Today we pushed through the heart of the Marble Mountain Wilderness to near the other side. In the morning we begin a day long 4,400 ft. descent from our perch on “The Big Ridge” to Seiad Valley and the Klamath River. Yesterday evening and the whole of today have been remarkable. These mountains are very rugged and secluded. More so, they were completely unexpected. The rocky ridge we stumbled upon merely minutes after leaving THE UNABONGER behind has stayed with us ever since. Its merely a matter of which side of it we are on. Marble Mountain is in fact a mountain of marble. The porous stone is abundant here. Consequently, there are many caves and fissures that could prove interesting grounds for exploring. As old habits die hard, we just kept pushing through.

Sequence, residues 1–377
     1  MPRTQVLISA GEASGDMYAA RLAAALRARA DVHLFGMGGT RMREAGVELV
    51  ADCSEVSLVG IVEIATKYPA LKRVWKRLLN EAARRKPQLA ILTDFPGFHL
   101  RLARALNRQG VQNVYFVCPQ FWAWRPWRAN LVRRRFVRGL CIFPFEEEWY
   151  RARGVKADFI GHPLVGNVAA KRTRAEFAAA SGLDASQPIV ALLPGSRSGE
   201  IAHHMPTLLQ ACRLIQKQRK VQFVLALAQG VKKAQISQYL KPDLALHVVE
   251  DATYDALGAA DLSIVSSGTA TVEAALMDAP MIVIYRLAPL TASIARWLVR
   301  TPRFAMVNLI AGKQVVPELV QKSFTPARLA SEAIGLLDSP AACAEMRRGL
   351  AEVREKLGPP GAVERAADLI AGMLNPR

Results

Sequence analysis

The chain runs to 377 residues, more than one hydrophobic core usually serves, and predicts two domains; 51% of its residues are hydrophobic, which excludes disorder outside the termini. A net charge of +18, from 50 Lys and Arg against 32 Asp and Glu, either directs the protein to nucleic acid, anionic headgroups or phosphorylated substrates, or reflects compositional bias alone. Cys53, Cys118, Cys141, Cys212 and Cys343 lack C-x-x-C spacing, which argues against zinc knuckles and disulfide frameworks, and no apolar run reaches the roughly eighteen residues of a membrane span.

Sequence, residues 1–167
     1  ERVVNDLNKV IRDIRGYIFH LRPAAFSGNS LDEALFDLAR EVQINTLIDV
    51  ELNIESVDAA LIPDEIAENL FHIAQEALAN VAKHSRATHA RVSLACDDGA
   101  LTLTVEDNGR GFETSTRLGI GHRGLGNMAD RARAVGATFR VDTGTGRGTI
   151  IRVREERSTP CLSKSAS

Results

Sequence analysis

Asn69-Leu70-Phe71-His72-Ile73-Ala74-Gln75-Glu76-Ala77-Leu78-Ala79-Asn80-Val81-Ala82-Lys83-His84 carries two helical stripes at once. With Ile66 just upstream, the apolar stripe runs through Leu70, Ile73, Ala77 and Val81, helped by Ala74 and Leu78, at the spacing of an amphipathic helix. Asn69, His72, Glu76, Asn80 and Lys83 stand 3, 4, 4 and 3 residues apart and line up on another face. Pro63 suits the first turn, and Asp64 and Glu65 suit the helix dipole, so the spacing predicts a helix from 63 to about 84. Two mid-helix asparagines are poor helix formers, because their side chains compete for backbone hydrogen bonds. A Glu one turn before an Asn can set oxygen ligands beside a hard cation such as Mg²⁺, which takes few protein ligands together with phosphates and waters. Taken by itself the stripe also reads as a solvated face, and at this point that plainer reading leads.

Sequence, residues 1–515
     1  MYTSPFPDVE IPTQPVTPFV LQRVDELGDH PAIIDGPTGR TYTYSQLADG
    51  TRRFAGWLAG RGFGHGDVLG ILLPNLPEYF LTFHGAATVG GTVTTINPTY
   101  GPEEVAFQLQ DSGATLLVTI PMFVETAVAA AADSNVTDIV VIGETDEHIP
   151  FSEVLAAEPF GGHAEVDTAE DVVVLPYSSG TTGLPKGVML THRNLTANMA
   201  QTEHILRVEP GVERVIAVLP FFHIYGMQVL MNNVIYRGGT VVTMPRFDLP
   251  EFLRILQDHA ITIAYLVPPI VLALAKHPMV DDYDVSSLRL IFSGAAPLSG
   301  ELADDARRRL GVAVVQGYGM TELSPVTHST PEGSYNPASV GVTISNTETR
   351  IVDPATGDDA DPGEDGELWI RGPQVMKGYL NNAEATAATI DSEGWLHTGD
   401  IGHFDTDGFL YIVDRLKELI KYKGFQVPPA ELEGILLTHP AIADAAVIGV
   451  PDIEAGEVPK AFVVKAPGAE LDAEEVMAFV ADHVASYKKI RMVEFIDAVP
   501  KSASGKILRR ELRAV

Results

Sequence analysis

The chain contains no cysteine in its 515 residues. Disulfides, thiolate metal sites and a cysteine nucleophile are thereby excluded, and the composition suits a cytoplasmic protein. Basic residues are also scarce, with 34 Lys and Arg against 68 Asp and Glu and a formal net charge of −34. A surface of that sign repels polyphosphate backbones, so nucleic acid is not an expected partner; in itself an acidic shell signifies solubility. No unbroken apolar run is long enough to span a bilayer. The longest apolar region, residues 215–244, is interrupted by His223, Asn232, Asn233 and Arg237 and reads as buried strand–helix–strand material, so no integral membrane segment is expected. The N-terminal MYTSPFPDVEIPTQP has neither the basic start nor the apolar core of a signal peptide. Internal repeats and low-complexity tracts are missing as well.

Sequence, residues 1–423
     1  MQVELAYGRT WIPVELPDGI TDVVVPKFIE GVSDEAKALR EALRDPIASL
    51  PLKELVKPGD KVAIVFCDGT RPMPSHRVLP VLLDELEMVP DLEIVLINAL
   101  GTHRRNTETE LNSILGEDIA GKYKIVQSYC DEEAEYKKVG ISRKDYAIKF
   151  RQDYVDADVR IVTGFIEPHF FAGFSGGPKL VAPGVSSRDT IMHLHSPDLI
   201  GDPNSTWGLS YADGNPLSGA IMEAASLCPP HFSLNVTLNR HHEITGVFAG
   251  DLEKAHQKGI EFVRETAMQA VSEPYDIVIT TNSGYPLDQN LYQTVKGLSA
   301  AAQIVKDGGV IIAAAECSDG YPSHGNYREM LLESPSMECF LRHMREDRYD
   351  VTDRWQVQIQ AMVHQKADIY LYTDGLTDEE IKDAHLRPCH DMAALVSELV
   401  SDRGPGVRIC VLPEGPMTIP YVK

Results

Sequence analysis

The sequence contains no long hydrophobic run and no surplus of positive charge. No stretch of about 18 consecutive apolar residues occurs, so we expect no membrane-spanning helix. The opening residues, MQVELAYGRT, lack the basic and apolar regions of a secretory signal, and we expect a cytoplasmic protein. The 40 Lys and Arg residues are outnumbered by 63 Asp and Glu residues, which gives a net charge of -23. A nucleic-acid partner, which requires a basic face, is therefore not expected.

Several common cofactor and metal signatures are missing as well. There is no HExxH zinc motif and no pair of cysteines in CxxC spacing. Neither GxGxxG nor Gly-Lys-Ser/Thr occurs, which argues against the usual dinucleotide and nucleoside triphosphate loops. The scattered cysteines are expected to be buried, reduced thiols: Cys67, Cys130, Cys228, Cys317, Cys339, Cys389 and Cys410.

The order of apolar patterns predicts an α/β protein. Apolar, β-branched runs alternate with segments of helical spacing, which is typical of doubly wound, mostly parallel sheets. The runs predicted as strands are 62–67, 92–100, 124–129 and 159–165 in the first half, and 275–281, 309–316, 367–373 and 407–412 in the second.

Talking to that guy yesterday gave me some interesting insights. His fishing pole kept him preoccupied with lakes. All terrain to the north was described to us in terms of lakes. We passed many of them today; Cliff Lake, Man Eatin’ Lake, which the guide invited us to go for a swim in, and many others. They were spectacular sights. Perhaps I appreciated them more as a result of his enthusiastic descriptions. More importantly, I realized how varied peoples interpretations of the land are. When he described what was to come I had trouble following him. I don’t think in lakes. Patrick and Kay described upcoming terrain in terms of various places we could side trip out for ice cream. I can’t consciously say what my markers are now. In the High Sierras it was passes and dangerous river crossings. Even further back it was springs and other water sources. Most of the snow will be gone from those passes by the time THE UNABONGER gets there. To his disadvantage, many of the springs will be dry as well. His demarcation of lakes as he heads south from the mountains will be stripped to its essence. WATER. Where is water. How far is water. I guarantee he wont be pouring five oz. in his bong in order to give himself a case of dry mouth.